MapleStory

25 million Chinese teenage girls can't be wrong. Can they?

On paper, MapleStory is a 2D online RPG with platforming elements. In reality, it's also a quiet cult with an alleged 67 million members. At times, this level of success seems hard to explain: the game's almost never written about by the press, but manages to grind out page after page of FAQ sheet and advice forum postings. Nobody really reviewed it, and it spends little on advertising, but thousands still log in to Maple World every day. And if all of that wasn't unlikely enough, try this: MapleStory's essentially free to play, yet still manages to generate large quantities of money from its community.

If World of Warcraft is the meat and potatoes of the MMO scene, then MapleStory is probably the popcorn chicken: lots of people seem to like it, but nobody wants to talk about it very much. With graphics that some fear are not so much cartoony as reminiscent of cheap late-nineties e-cards, and an ambience that can initially seem more trivial than whimsical, many choose to ignore the game totally.

But they might be missing out. Give MapleStory half an hour of your time, and it's hard to avoid getting sucked in. The landscapes quickly draw out sweet memories of decades-past afternoons strung out on Alex Kidd and Wonderboy, and the savagely simplistic one-button combat lures you into a trance that's surprisingly difficult to extricate yourself from. Played in bursts - as it's designed to be - MapleStory, particularly in the early stages, resembles a sweetshop with unnaturally low shelves. A quick spill through the early character levels sees you colourfully rewarded every two minutes or so, and, like WOW or Lord of the Rings Online, the game's designers have made sure each new quest seems never more than one item from completion, and each new surprise is never more than a few platforms away. So before you knew it half an hour has become two, then three, and a quick log-on to reach level seven has become an embarrassing twenty-eight screen marathon.

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Despite the range of clothes available, you'll end up looking as ill-coordinated as real people do. Only with crowns.

But there's more at work than a happy accident of frothy throwback platforming and sugary looks. Unlikely as it seems, this toy box realm of deadly snails and talking mushrooms may have a lot to say about broadening the overall appeal of the entire MMO market. After all, talking mushrooms have been right before.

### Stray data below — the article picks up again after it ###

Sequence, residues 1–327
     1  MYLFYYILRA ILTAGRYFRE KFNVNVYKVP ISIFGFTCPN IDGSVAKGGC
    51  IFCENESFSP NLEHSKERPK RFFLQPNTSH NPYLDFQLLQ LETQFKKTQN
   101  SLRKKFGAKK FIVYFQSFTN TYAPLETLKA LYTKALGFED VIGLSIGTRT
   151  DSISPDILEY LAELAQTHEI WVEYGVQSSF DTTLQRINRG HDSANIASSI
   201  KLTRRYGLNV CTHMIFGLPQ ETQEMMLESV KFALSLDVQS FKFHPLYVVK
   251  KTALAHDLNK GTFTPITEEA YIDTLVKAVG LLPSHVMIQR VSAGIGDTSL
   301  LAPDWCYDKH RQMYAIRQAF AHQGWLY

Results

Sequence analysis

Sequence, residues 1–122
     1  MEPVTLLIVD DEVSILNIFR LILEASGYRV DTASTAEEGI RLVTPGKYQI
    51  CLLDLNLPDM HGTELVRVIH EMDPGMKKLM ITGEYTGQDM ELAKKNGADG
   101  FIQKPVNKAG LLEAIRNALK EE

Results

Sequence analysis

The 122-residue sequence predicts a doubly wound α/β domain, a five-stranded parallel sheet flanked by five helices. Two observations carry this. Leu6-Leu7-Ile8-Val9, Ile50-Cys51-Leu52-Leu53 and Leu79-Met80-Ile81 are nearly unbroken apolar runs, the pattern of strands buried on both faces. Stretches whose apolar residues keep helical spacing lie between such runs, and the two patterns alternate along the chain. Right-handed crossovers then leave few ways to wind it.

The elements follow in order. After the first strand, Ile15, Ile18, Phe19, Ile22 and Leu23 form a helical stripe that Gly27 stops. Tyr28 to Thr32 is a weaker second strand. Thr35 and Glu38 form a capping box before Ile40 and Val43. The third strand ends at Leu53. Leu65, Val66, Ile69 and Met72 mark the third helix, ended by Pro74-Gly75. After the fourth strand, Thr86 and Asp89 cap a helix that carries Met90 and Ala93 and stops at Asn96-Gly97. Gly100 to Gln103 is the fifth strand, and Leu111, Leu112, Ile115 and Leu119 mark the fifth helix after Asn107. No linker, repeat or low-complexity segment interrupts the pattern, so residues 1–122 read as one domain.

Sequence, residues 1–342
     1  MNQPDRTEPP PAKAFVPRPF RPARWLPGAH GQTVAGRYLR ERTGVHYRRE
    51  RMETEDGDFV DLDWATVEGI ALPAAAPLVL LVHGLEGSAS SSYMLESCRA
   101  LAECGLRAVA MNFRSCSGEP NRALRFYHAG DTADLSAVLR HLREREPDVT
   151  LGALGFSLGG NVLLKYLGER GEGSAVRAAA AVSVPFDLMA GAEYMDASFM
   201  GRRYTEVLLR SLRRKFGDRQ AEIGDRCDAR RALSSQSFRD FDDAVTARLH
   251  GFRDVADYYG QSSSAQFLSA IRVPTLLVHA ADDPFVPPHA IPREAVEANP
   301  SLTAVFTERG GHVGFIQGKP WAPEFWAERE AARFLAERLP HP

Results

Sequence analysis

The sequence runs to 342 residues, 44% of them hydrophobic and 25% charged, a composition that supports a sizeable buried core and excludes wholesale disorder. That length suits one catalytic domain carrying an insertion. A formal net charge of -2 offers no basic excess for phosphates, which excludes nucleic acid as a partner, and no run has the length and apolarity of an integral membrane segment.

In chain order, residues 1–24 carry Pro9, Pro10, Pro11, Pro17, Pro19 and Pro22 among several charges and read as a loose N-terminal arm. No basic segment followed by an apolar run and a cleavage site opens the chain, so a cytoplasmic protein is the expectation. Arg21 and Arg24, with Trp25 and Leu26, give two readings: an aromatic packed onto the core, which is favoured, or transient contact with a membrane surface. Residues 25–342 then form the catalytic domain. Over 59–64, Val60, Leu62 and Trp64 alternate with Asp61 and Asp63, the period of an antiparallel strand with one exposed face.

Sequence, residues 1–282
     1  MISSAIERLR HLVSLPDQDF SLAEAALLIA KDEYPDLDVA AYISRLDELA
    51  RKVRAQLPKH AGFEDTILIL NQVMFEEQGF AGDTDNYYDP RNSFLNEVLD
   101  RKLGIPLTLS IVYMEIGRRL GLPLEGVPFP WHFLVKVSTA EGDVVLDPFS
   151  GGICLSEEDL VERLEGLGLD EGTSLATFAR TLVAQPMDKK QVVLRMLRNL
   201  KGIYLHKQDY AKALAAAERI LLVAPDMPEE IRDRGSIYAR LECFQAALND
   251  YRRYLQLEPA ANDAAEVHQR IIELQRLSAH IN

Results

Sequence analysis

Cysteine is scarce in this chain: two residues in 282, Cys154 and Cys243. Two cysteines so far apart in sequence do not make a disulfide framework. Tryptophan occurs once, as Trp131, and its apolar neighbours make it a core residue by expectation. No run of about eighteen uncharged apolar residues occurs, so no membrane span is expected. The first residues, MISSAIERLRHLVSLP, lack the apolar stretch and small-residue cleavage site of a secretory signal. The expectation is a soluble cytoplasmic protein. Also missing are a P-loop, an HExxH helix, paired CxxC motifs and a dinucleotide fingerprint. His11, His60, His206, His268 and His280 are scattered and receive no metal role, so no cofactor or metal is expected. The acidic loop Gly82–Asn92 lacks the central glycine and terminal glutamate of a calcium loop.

Developed by Wizet and controlled by South Korean publishing powerhouse Nexon, MapleStory seems to have had Charles Darwin for a chief designer. More than almost any other title, the game has been evolved from the ground up to adapt, survive, and ultimately flourish in the very competitive Korean MMO market. Streamlined for a cyber-caf·culture, where software is almost always pirated and computers are primarily communal terminals, downloading the game is entirely free and there are no monthly fees to pay afterwards. Instead, MapleStory was one of the first titles to utilise a system where revenue comes from virtual asset purchases rather than subscriptions. From the main website, players can buy NEXON Cash to spend on clothes, haircuts, better items, and even temporary stat boosters. None of these trinkets are essential to playing the game, but the model clearly works: between 2003 and 2006, MapleStory generated revenue of USD 200 million in South Korea alone.

When MapleStory does make it into the press, it's generally this business model that gets it there. In July 2007, the game received the ultimate endorsement any title can hope to garner: a reputation-cementing examination on Fox News, branding it "a craze that's out of control". By painting a startling picture of addicted teens prying open their parents' PayPal accounts, prior to bankrupting their families one Cotton Blanket (3100 NEXON Cash) and Pink Rabbit Puppet (2900 NEXON cash) at a time, Fox suggested the virtual asset purchase model may place MapleStory somewhere between people-trafficking and serial arson as a contributing factor in the inevitable collapse of human civilisation. Despite these allegations (or possibly because of them), the micro transaction model is catching on, with many other games adopting it.

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